Zimmer Biomet has transformed and reinvented itself through various partnerships and product innovations, and Chief Strategy Officer Rachel Ellingson has been a driving force behind the success.
Zimmer Biomet has been one of the leading orthopedic companies in the medical device industry for many years. With $6.8 billion in revenue for its most recently reported fiscal year and $435.9 million in R&D spending, the company is ramping up its portfolio.
Chief Strategy Officer and SVP Rachel Ellingson has played a significant role in Zimmer Biomet’s revitalization. She joined the orthopedic company in 2018 from St. Jude Medical, where she was the VP of corporate strategy until its acquisition by Abbott. Ellingson started as St. Jude’s senior director of corporate strategy and planning in 2006 and moved her way up to VP of investor relations and corporate communications , then VP of corporate relations, VP of global communications and ultimately VP of corporate strategy.
Zimmer Biomet has launched many innovative products since 2018, including the ZBEdge Connected Intelligence Suite, Persona Revision Knee, the Persona IQ smart knee and Rosa Robotics, and divested its spine and dental businesses in the process. But Ellingson says the company is just getting started.
“Our strategy at the core is about how are we going to drive the growth so that we can help reach more patients,” Ellingson told Medical Design & Outsourcing. “It’s that virtuous cycle of revenue growth to achieve your mission.”
Ellingson “has served a critical role in the ongoing transformation of Zimmer Biomet,” Zimmer Biomet President and CEO Bryan Hanson told MDO.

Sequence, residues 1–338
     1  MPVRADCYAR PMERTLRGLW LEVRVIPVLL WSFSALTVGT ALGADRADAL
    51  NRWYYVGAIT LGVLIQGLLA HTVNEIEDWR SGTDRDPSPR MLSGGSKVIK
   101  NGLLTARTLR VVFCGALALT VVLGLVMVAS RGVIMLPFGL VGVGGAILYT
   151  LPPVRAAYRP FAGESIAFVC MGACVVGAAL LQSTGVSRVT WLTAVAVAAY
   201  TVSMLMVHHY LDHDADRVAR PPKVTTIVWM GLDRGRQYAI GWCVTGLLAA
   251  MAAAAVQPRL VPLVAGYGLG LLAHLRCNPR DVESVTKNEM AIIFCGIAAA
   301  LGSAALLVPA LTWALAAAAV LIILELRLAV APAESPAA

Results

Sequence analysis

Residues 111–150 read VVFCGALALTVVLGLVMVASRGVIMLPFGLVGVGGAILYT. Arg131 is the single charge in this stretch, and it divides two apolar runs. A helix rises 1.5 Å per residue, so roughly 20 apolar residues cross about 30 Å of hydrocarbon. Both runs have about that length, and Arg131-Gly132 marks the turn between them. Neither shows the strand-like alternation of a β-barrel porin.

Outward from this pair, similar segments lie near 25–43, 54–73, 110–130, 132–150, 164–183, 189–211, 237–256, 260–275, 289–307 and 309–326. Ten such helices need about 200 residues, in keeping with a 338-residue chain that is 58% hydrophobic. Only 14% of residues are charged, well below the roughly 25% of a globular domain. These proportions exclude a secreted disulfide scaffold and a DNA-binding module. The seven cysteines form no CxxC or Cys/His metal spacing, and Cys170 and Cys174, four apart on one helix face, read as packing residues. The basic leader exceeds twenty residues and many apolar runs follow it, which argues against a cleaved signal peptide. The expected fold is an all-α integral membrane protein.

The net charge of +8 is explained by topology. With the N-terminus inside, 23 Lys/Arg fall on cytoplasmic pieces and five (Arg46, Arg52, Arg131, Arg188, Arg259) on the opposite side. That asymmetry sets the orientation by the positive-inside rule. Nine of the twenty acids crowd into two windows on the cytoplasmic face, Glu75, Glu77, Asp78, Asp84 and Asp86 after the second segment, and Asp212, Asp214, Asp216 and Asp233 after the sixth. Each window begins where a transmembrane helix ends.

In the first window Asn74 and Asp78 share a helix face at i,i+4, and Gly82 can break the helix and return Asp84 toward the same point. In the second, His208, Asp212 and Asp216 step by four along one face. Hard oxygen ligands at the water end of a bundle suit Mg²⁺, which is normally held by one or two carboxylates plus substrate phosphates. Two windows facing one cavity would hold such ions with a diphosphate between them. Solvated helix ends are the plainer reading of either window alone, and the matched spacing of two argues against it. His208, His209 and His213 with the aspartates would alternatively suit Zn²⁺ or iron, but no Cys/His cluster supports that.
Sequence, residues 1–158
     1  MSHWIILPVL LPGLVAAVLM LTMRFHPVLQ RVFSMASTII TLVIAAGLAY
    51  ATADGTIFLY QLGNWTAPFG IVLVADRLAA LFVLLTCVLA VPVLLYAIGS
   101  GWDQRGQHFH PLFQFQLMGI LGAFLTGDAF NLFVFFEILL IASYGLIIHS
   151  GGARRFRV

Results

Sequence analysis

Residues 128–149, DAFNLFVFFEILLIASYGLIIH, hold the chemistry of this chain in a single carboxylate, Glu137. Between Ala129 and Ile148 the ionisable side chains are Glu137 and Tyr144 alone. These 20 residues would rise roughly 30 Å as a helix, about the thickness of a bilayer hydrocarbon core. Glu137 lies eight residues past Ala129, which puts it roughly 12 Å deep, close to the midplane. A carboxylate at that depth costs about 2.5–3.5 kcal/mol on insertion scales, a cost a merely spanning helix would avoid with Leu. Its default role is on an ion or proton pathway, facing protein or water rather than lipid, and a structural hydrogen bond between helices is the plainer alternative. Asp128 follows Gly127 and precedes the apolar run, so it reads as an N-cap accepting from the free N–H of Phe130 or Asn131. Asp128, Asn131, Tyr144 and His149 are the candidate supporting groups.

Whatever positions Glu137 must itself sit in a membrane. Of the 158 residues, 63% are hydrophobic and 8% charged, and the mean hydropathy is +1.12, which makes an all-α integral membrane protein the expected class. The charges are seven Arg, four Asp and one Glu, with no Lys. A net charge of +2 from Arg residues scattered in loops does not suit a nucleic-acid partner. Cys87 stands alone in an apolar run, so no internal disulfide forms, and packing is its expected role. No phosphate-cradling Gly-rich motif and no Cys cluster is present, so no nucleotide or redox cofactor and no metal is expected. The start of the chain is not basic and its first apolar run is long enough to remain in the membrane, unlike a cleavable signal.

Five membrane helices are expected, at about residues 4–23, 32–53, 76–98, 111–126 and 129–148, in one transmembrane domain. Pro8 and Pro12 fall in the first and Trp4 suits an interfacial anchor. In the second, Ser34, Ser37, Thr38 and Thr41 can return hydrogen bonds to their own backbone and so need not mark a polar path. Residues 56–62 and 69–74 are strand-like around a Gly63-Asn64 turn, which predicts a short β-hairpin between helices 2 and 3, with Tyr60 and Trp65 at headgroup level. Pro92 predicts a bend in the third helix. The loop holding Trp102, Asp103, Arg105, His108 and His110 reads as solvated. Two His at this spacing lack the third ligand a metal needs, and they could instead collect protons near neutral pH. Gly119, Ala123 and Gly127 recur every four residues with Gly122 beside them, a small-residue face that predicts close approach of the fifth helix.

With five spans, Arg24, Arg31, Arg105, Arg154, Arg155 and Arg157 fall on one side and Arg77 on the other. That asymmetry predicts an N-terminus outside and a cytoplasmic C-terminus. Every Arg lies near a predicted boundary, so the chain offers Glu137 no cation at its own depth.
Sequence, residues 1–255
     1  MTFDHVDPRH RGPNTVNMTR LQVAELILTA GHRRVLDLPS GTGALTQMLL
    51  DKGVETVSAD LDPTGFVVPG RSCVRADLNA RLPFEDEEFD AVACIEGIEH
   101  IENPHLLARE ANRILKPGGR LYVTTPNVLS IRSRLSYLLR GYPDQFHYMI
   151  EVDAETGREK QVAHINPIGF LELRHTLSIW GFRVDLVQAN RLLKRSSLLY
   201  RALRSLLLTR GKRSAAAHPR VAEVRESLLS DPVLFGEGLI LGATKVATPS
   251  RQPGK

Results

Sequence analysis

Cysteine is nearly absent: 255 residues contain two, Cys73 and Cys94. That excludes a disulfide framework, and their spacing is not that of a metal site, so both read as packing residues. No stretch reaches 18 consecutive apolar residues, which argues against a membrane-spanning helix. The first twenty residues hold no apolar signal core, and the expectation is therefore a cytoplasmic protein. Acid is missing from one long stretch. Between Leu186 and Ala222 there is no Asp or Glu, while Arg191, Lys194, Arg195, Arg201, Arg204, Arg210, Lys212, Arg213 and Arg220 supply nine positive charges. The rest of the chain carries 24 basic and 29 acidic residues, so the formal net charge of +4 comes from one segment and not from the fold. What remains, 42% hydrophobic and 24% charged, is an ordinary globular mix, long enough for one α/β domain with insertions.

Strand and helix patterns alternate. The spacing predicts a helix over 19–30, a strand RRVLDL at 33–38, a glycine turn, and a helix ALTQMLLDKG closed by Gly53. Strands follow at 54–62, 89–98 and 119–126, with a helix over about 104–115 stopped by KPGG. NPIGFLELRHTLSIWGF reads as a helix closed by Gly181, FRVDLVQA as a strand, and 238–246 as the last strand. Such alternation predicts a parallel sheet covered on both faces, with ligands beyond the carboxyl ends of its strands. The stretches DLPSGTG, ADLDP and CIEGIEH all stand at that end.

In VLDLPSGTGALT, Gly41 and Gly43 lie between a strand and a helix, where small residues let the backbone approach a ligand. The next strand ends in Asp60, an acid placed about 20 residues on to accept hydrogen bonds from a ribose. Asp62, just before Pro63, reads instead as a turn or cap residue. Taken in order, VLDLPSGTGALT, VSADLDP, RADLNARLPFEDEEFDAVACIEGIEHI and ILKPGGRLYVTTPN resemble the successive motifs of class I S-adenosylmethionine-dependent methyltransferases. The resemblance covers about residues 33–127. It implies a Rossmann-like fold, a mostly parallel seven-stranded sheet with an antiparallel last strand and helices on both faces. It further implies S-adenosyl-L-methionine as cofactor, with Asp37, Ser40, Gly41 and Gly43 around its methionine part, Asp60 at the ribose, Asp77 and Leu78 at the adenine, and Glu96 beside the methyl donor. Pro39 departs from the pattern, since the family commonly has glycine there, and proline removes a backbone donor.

“As a result of her vision and hard work to drive forward our active portfolio management strategy, we have forged key partnerships with technology leaders inside and outside of healthcare, driven growth through business development efforts to advance our portfolio, and completed the spinoff of ZimVie – allowing us to increase our focus on our core areas of growth and strengthen our position as a global leader in the medtech space,” Hanson said. “Personally, I value her perspective, counsel and friendship. She consistently demonstrates a commitment to our mission to improve the quality of life for patients in all that she does.”
The three-step approach
Innovation on Zimmer Biomet’s digital side is in part, driven by the desire to grow revenue faster in its lower core markets. Now the company is focused on transforming for the future through active portfolio management, which means deploying resources into innovations or mergers and acquisitions to drive growth in its most attractive markets.
“My team spends a lot of time evaluating our end markets and submarkets to determine the most attractive areas for growth,” Ellingson said. “We then rank them in terms of prioritization and consider how best to build those businesses through internal and external opportunities. Robotics as an example, was initially an acquisition, and then with that as our base, we invested our R&D dollars to bring this exciting innovation to the knee space.”
First, Zimmer Biomet wants to drive growth in its lower growth core markets, including hip and knees. Zimmer recently announced a partnership with Surgical Planning Associates to commercialize HipInsight, which is the first FDA-cleared, mixed-reality navigation system for total hip replacement. It is customized for Zimmer Biomet’s hip implant portfolio.
Second, the company wants to generate more revenue in its higher growth markets. The company’s ZBEdge portfolio, for example, was a combination of finding the right attractive markets and submarkets to invest in. ZBEdge is the company’s connected intelligence suite of digital and robotic technologies. It includes the Rosa robotic surgery platform, anatomical visualization and guidance systems such as the Signature One, the iAssist knee alignment system and optical navigation tools.